McCain: I am. We took a lot of time picking the songs. And I'll tell you, for this album, I used some songs that I have no writing credit with at all. It was hard to get to that spot for me, personally, because for years I felt like I could at least have co-written everything. And the Dianne Warren anomaly had gotten me into this - I'd been a little bit negative about doing anybody else's stuff, because it just wasn't my voice. But Maia brought songs that were undeniable to me as far as having the same mind-set and to be included in a collection of songs. The song "Mercy Bound" (written and first recorded by Mark Addison) has been floating around for 20 years. It's like this orphan bluegrass song. If you heard the original version, it's like this sort of country sounding train track snare drum bluegrass song. And if you hear it in that context, the lyrics just fly by and you don't even notice what is being said. I was listening to these lyrics, to what he was saying, and I realized I don't have to write everything. I have to believe in it, and I have to love it, but I don't have to write everything.
Songfacts: That's interesting. So that's a sign of maturity.
McCain: I guess. I don't know. I have the songs that are mine that I left off the album that I can listen to and look at and say these are not as good as these other songs. And I can say that and be okay with that. And then I love that we've resurrected this song that has been languishing.
Songfacts: You're saying how in a lot of respects, you said that you really wanted the greatest potential reach of each song, and now when you're talking about the album, it's like you wanted the best songs on the album. And what I sense from you is that you just have so much respect for the art form that you're not going to let your ego get in the way of the best being presented.
McCain: Yeah, I think I learned that lesson the hard way, because I let my ego run wild for a few years during the '90s where I had some success and I had a lot of people around me telling me whatever I wanted to hear. And so I came to this understanding the hard way. And I wouldn't change that lesson. I love that lesson, it's forever engrained in me and it's given me a sense of appreciation. The fact that I still get to do this 22 years later and make a living doing it is a staggering reality to me. I see bands - amazing bands - come and go, and almost invariably the stumbling point is ego. Invariably the sense of self is our greatest enemy. The mistake that we're not part of something that we actually are the genesis of it. I watch it all the time and not just in music, but in daily life. And it took me a long time to get to a point of gratitude.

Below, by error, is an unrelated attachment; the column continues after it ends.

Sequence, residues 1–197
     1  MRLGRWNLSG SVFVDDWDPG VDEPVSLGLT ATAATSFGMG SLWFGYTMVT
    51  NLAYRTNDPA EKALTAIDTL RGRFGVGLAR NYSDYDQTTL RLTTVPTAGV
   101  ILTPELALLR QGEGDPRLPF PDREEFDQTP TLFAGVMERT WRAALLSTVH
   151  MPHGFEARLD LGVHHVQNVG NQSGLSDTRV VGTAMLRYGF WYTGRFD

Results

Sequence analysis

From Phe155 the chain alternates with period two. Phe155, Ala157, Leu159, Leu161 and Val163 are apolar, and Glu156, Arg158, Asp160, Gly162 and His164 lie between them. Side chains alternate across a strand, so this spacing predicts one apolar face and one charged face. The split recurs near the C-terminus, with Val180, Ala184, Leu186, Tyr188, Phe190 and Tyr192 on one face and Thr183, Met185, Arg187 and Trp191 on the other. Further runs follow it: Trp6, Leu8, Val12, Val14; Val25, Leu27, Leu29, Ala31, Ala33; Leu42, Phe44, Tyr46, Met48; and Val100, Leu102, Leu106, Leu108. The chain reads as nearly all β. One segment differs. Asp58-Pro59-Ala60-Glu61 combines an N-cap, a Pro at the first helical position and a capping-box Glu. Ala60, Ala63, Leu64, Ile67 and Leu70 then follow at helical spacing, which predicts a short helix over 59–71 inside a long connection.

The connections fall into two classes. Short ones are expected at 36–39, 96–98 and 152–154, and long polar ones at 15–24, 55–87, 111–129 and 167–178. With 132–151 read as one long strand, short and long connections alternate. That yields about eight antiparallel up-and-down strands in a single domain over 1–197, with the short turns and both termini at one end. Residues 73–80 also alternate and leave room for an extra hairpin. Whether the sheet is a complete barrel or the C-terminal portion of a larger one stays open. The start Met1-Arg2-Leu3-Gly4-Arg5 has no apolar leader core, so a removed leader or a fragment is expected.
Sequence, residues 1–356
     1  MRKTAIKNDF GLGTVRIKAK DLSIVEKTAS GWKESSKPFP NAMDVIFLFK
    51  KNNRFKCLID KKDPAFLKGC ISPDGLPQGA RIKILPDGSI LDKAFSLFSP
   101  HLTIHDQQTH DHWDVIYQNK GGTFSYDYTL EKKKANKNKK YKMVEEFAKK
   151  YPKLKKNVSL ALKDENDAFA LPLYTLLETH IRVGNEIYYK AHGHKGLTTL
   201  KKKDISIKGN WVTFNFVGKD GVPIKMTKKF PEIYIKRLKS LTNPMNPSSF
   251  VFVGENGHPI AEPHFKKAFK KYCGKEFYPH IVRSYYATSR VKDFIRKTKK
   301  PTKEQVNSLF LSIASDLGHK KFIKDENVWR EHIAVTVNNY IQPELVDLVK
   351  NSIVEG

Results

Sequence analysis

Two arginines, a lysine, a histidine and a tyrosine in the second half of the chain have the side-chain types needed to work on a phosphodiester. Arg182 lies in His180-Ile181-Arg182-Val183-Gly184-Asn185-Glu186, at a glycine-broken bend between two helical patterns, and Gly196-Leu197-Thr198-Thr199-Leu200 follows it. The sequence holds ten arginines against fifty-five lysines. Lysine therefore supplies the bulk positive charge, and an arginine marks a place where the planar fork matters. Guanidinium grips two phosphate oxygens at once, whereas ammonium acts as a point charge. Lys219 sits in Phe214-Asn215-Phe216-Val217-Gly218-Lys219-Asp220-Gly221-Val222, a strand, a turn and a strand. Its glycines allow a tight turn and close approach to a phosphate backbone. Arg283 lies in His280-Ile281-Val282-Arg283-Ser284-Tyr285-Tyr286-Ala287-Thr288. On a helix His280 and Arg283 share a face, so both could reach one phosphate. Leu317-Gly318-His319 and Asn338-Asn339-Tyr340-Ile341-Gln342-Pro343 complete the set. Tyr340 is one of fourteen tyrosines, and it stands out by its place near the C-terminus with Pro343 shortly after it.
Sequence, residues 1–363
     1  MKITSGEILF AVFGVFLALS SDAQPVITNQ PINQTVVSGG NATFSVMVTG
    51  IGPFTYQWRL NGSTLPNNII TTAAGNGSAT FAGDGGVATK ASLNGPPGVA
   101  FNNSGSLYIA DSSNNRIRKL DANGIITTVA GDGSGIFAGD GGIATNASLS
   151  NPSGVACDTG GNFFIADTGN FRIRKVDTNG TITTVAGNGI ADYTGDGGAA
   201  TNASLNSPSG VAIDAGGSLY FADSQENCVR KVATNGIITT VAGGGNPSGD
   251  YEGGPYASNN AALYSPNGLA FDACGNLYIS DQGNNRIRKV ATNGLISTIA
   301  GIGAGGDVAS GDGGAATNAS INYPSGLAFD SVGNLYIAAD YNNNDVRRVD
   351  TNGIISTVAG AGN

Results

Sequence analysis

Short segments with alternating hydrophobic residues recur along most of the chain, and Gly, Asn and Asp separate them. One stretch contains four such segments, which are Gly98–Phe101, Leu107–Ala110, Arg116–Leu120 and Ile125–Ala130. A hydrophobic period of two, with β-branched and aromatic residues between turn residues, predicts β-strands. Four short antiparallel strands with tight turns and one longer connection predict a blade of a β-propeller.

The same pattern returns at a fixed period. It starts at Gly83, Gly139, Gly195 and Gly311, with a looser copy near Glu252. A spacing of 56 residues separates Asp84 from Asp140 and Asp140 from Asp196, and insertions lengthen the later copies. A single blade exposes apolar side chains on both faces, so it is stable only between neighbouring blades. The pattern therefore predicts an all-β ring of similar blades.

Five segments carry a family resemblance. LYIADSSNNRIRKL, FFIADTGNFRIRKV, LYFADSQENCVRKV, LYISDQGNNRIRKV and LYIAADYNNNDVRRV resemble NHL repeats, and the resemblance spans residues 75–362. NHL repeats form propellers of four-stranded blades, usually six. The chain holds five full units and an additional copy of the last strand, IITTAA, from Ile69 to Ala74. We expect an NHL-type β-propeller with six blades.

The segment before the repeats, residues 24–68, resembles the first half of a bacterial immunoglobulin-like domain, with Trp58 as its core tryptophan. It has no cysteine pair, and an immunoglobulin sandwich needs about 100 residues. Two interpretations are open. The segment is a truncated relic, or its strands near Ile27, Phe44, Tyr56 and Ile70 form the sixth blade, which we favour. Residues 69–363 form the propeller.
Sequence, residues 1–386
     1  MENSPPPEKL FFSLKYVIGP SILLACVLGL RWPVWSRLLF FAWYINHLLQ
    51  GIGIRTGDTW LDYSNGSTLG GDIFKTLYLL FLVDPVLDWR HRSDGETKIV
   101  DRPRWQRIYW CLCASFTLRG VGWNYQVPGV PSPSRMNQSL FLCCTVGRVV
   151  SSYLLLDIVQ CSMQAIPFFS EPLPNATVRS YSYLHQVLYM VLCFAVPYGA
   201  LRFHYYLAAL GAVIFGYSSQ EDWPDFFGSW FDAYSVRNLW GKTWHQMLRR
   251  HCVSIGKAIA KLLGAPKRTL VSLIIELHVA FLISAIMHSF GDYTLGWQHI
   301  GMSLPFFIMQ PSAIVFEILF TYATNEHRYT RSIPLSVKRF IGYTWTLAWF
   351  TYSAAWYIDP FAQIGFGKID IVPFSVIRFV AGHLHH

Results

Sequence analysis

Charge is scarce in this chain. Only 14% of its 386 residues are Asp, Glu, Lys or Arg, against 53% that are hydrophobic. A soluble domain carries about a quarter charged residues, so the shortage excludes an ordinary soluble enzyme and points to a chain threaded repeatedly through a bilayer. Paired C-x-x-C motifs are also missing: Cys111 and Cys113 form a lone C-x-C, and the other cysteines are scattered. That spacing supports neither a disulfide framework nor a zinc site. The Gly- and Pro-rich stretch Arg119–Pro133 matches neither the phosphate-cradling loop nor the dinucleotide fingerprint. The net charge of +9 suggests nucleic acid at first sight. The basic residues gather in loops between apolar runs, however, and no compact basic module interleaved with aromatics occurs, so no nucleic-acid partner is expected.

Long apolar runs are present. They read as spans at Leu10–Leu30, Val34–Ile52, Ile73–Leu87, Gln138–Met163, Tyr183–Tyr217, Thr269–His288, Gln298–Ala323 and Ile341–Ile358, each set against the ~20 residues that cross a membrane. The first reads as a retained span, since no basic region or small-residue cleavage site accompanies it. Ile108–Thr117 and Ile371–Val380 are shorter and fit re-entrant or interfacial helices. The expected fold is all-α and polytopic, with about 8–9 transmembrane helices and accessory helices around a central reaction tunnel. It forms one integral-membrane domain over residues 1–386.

Songfacts: That sounds like a song.
McCain: Yeah, it's gotta be at some point. Everything I think of now I end up trying to think of how I'm going to explain it to my kids. So I think it's going to end up sounding like a kid record. (laughing)
Songfacts: I wanted to talk about "Gramercy Park Hotel," which is such a great historic perspective. Do you recall the creation of that song?
I was with him in New York and got invited to this industry thing by Tom Poleman from Z-100, he's a programmer for Clear Channel. He and I are good friends to this day, too. I'd been doing a lot of work, like playing for AIDS patients in the hospital and doing sort of karmic payback. He invited me to this banquet, and I found myself seated at a table with John Mayer and Jessica Simpson and Nick and Rob Thomas and all the label industry people and their new stars. And it was just that same old scene. I don't know, the lyric popped into my head, "these organ grinders with their monkeys, and here we are." I had left the label, I was happily back in indie-land. I hadn't been around it in a little while, so it was even more pronounced. And of course I was paying for my own hotel room at the Gramercy at that time. The Gramercy was the cheapest place to stay. I mean, it was low-low rent. And I had to buy a shirt to be able to go to this event, because I didn't have anything good enough to wear.
And I Just found myself laughing at that. I had been listening to a bunch of Randy Newman, so I had a healthy sarcastic feeling going, and man, that song - the welcome page on the Gramercy on the hotel TV was, "Hey, welcome to the Gramercy." They didn't have any amenities to brag about, they were just like, "Babe Ruth used to get really drunk in our bar." (Laughing) It was like a catalog of all these famous alcoholics, and at the time I was struggling with my own alcoholism, and I found it funny. I was thinking, Wow, what a coincidence. Me and Babe Ruth have been alcoholics in the same room. And here I am. So I was being sarcastic about my own struggles and everything else.
Songfacts: And it just hit in there, wow, what a great song.
McCain: It's funny to me, because the idea of all the publicists saying, "La di da di da daa." At the time, I had this publicist that took umbrage with that. She was just irritated that I would say that.
Songfacts: Sometimes the truth stings, though, doesn't it?
McCain: Yeah, it's just so much fun when you hear a crowd of a thousand people singing "La di da di da daa" in the tone in which it was intended.
We spoke with Edwin McCain on October 4, 2011. Get more at edwin.com.